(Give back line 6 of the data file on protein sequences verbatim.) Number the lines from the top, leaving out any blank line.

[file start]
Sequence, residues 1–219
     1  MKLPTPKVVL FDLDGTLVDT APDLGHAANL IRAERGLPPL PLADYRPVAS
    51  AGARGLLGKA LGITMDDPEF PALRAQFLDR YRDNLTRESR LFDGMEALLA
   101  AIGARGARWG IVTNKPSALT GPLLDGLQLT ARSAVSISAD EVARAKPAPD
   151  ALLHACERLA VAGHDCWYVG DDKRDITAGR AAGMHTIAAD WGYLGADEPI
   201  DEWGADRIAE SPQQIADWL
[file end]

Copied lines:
   201  DEWGADRIAE SPQQIADWL